We continue our project of looking at the Post communions of Lent:
Tuesday – 1st Week of Lent
This is an ancient prayer, found in the usual manuscripts such as the Liber Sacramentorum Augustodunensis, Engolismensis, and Gellonensis.
His nobis, Domine, mysteriis conferatur,
quo, terrena desideria mitigantes,
discamus amare caelestia.
Wonderful assonance on "ah".
Keep always in mind that mysteria is pretty much interchangeable with sacramenta in our liturgical prayer.
The thing that will most puzzle the beginner here is that seemly errant quo. In the first line we have a plural in mysteriis and the incautious might think that quo is a mistake and must really be quibus. In reality that quo is actually the equivalent of ut eo, "in order that thereby".
This quo, used without a comparative, is I think rare. It gives me the impression of a literary hand behind the prayer, applying perhaps more than the usual touch. In fact, that quo is quite forceful, far more effective off the tongue and in the ear than a prosaic ut.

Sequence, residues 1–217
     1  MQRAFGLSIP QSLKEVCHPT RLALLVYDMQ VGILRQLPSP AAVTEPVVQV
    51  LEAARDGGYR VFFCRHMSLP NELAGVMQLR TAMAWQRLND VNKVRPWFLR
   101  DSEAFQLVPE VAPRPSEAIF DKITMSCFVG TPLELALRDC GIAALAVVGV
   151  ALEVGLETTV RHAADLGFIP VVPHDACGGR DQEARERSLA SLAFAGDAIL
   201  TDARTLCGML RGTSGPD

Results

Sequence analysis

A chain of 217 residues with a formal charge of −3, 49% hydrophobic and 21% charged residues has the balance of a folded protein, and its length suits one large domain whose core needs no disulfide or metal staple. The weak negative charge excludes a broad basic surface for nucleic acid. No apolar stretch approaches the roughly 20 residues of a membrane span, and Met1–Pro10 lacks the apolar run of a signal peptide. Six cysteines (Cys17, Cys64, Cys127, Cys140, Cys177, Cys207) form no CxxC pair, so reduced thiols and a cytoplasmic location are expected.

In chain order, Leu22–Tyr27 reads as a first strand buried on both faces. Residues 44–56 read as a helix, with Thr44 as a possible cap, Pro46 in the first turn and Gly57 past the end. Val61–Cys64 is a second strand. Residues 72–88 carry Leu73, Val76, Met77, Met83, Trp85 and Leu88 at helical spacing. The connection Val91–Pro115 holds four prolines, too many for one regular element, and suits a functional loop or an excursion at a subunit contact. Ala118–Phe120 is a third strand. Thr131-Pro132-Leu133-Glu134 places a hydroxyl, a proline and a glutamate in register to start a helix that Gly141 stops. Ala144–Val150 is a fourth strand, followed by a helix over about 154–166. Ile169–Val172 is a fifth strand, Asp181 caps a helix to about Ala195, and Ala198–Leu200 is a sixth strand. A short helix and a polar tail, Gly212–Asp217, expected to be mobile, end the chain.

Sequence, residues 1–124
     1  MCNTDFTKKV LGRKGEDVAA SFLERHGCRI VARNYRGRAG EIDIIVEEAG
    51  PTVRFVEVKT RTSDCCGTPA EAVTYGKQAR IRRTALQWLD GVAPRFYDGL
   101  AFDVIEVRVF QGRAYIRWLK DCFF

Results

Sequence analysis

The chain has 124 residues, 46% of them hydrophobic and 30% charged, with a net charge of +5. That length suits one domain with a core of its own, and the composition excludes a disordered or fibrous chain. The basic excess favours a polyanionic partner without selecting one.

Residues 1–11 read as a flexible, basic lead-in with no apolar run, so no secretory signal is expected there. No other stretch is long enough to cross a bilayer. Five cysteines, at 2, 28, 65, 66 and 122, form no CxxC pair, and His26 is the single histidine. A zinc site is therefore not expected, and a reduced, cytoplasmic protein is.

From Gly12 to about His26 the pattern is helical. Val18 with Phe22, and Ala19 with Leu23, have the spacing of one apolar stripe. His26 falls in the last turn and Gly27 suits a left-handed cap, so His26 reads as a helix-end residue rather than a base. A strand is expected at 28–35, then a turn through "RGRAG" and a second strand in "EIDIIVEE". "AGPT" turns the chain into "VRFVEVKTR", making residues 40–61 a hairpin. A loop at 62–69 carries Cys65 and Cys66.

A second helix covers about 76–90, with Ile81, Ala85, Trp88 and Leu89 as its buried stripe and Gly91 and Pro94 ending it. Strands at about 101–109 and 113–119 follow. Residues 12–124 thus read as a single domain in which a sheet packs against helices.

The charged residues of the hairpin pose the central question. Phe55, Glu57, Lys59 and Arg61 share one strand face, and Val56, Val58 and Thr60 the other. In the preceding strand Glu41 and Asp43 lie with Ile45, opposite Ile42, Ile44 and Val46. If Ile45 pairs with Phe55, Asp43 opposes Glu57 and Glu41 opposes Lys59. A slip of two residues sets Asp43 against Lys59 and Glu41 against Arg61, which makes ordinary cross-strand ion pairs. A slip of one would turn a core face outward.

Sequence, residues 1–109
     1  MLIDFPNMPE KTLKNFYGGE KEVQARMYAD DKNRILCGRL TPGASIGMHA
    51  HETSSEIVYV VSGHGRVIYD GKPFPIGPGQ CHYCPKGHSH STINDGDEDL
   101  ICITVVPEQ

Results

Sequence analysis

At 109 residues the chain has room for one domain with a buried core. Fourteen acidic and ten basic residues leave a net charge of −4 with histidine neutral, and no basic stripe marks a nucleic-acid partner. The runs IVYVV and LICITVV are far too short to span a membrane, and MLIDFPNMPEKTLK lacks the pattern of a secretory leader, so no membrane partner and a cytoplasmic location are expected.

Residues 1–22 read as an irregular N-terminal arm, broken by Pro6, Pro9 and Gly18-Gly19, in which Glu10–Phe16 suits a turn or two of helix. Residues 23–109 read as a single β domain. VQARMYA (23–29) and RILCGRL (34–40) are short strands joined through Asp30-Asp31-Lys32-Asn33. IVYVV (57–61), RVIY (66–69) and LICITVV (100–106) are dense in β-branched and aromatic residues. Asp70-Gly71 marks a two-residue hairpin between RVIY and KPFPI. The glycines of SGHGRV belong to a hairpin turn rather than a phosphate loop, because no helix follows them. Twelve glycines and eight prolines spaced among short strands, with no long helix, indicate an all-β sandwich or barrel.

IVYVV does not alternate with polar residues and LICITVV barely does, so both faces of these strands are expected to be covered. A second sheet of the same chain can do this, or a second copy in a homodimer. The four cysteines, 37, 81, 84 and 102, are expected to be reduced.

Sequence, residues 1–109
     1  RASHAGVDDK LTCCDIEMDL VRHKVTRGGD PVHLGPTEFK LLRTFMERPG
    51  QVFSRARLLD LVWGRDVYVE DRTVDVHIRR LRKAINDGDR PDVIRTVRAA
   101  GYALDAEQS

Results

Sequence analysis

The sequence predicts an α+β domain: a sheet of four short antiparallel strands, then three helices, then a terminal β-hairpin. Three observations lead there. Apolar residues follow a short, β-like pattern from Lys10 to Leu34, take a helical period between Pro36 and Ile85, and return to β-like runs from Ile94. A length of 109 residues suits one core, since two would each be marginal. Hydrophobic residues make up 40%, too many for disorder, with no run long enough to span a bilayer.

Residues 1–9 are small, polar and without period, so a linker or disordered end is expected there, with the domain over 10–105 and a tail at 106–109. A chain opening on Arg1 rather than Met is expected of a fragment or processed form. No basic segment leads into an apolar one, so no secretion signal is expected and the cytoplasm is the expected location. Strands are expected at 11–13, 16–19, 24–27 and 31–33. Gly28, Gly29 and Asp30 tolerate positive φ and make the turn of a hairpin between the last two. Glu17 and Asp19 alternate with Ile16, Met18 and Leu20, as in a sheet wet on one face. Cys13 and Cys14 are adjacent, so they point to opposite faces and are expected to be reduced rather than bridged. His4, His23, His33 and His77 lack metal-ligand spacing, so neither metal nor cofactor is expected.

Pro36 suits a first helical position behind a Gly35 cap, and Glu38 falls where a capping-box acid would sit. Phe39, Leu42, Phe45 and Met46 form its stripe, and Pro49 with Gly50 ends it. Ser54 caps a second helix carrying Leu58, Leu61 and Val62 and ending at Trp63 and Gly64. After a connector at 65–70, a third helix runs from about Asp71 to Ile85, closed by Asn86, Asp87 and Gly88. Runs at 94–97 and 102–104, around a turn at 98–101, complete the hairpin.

O Lord, may it be brought to us by these sacramental mysteries,
that thereby we, pacifying earthly desires,
learn to love the heavenly.
There is a progressive quality… an "ongoing" quality to the prayer. Consider mitigantes… discamus.
The form of confero followed by the discamus in the polished literary phrasing, gives me an impression of divine pedagogy. Christ and Holy Church are teachers and we must open ourselves to disciplina. Lent is a time of stronger disciplina.
Another point: "learn to love". Love is not a soupy gloopy feeling, mere sentiment. It is the stuff of the will. We choose to love. We love what we know, what we have learned. And when we love, we long to know more. The object of our love is the object of our learning.